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PLoS Negl Trop Dis. 2019 May 20;13(5):e0007247. doi: 10.1371/journal.pntd.0007247. eCollection 2019 May.

Coinfection with Leishmania major and Staphylococcus aureus enhances the pathologic responses to both microbes through a pathway involving IL-17A.

Author information

1
Department of Microbiology and Immunology, University of Iowa, Iowa City, IA, United States of America.
2
Medical Scientist Training Program and the Carver College of Medicine, University of Iowa, Iowa City, IA, United States of America.
3
Interdisciplinary Ph.D. Program in Immunology, University of Iowa, Iowa City, IA, United States of America.
4
Interdisciplinary Ph.D. Program in Molecular Medicine, University of Iowa, Iowa City, IA, United States of America.
5
Department of Internal Medicine, University of Iowa, Iowa City, Iowa City, IA, United States of America.
6
Iowa Inflammation Program, Department of Internal Medicine, University of Iowa, Iowa City, IA, United States of America.
7
Veterans' Affairs Medical Center, Iowa City, IA, United States of America.
8
Conselho Nacional de Desenvolvimento Cientifico e Tecnológico (CNPq), Brasilia, Brazil.
9
Department of Medicine, Cedars-Sinai Medical Center, Los Angeles, CA, United States of America.
10
Department of Immunology and Microbiology, University of Colorado Denver-Anschutz Medical Campus, Aurora, CO, United States of America.

Abstract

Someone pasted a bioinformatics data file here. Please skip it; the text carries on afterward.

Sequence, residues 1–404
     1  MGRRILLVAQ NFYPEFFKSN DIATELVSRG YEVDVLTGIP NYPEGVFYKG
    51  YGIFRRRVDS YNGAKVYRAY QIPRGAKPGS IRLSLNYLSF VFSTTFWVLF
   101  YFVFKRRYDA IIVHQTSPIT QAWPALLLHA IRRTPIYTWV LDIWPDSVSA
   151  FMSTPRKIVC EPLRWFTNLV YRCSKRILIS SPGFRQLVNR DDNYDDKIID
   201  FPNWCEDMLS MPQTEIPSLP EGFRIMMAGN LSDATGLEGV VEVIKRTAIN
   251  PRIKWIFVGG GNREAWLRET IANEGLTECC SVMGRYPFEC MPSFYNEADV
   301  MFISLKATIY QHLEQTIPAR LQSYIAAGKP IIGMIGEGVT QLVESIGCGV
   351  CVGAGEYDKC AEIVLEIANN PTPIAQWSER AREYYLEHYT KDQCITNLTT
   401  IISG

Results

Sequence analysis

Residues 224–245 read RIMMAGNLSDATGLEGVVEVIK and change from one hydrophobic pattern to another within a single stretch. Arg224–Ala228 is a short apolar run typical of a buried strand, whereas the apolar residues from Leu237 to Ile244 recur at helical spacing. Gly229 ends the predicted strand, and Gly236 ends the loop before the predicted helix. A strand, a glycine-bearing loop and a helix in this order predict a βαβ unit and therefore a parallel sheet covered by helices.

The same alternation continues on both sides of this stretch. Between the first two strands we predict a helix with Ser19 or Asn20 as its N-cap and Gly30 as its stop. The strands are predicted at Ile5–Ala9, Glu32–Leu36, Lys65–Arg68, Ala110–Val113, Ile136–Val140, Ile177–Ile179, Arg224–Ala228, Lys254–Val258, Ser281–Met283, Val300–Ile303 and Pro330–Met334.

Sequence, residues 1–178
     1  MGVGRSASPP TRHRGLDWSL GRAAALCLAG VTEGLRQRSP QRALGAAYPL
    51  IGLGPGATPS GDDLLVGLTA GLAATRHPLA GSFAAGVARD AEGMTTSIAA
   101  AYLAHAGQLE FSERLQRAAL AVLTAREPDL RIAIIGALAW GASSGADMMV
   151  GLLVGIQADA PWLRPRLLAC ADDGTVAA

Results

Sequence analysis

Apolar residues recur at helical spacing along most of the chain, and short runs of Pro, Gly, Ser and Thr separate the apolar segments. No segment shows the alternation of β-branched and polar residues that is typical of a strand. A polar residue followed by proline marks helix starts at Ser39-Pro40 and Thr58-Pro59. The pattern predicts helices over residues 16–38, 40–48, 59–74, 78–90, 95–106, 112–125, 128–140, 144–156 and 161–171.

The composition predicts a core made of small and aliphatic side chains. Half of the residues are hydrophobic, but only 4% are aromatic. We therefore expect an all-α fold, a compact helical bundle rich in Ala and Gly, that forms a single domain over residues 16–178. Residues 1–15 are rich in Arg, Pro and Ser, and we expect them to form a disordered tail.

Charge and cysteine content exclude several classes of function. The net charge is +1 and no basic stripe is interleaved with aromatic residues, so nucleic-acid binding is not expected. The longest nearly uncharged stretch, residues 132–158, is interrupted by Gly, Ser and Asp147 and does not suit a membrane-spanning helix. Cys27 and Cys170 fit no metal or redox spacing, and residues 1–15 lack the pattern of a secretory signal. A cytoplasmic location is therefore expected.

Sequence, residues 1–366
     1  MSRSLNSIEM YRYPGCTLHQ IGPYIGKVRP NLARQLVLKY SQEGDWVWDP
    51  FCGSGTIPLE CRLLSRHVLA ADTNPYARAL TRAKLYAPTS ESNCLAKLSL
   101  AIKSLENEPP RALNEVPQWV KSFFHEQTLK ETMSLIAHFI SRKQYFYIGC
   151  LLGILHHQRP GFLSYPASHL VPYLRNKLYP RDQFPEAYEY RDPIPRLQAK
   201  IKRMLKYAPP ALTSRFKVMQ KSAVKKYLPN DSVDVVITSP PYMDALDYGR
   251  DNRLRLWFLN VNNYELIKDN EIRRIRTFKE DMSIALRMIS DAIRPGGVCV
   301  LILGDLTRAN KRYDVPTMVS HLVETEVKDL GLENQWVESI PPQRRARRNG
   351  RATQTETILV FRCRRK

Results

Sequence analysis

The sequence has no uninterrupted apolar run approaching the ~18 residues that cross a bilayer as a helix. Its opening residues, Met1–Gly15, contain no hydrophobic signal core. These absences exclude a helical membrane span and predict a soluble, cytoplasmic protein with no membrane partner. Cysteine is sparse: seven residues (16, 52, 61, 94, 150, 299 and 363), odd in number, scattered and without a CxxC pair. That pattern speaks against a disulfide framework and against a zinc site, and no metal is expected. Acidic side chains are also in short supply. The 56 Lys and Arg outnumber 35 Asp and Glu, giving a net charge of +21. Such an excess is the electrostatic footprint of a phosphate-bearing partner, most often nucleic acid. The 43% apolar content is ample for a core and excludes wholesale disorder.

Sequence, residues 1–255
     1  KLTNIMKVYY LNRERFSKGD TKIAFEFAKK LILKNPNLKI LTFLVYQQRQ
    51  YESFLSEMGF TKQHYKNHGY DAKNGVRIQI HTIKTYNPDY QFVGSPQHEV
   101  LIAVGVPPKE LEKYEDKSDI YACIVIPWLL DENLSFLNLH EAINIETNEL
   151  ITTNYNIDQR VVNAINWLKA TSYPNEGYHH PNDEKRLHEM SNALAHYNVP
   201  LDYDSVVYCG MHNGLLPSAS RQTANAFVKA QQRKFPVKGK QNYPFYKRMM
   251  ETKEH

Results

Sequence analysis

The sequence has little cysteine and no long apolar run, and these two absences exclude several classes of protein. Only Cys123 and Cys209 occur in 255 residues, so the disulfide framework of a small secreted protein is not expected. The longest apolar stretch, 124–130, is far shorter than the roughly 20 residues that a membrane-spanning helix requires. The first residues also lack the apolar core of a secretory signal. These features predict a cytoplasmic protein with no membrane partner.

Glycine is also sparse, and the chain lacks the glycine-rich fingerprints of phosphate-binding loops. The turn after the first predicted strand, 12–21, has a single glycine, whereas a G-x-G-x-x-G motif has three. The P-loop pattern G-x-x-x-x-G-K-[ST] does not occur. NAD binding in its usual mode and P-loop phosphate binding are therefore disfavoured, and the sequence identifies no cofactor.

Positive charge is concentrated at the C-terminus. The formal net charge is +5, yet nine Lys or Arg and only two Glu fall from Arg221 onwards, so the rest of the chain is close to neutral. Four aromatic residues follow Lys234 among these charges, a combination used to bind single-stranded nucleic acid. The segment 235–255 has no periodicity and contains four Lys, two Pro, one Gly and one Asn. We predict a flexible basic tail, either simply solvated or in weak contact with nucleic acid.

Cutaneous leishmaniasis (CL) is a parasitic disease causing chronic, ulcerating skin lesions. Most humans infected with the causative Leishmania protozoa are asymptomatic. Leishmania spp. are usually introduced by sand flies into the dermis of mammalian hosts in the presence of bacteria from either the host skin, sand fly gut or both. We hypothesized that bacteria at the dermal inoculation site of Leishmania major will influence the severity of infection that ensues. A C57BL/6 mouse ear model of single or coinfection with Leishmania major, Staphylococcus aureus, or both showed that single pathogen infections caused localized lesions that peaked after 2-3 days for S. aureus and 3 weeks for L. major infection, but that coinfection produced lesions that were two-fold larger than single infection throughout 4 weeks after coinfection. Coinfection increased S. aureus burdens over 7 days, whereas L. major burdens (3, 7, 28 days) were the same in singly and coinfected ears. Inflammatory lesions throughout the first 4 weeks of coinfection had more neutrophils than did singly infected lesions, and the recruited neutrophils from early (day 1) lesions had similar phagocytic and NADPH oxidase capacities. However, most neutrophils were apoptotic, and transcription of immunomodulatory genes that promote efferocytosis was not upregulated, suggesting that the increased numbers of neutrophils may, in part, reflect defective clearance and resolution of the inflammatory response. In addition, the presence of more IL-17A-producing γδ and non-γδ T cells in early lesions (1-7 days), and L. major antigen-responsive Th17 cells after 28 days of coinfection, with a corresponding increase in IL-1β, may recruit more naïve neutrophils into the inflammatory site. Neutralization studies suggest that IL-17A contributed to an enhanced inflammatory response, whereas IL-1β has an important role in controlling bacterial replication. Taken together, these data suggest that coinfection of L. major infection with S. aureus exacerbates disease, both by promoting more inflammation and neutrophil recruitment and by increasing neutrophil apoptosis and delaying resolution of the inflammatory response. These data illustrate the profound impact that coinfecting microorganisms can exert on inflammatory lesion pathology and host adaptive immune responses.

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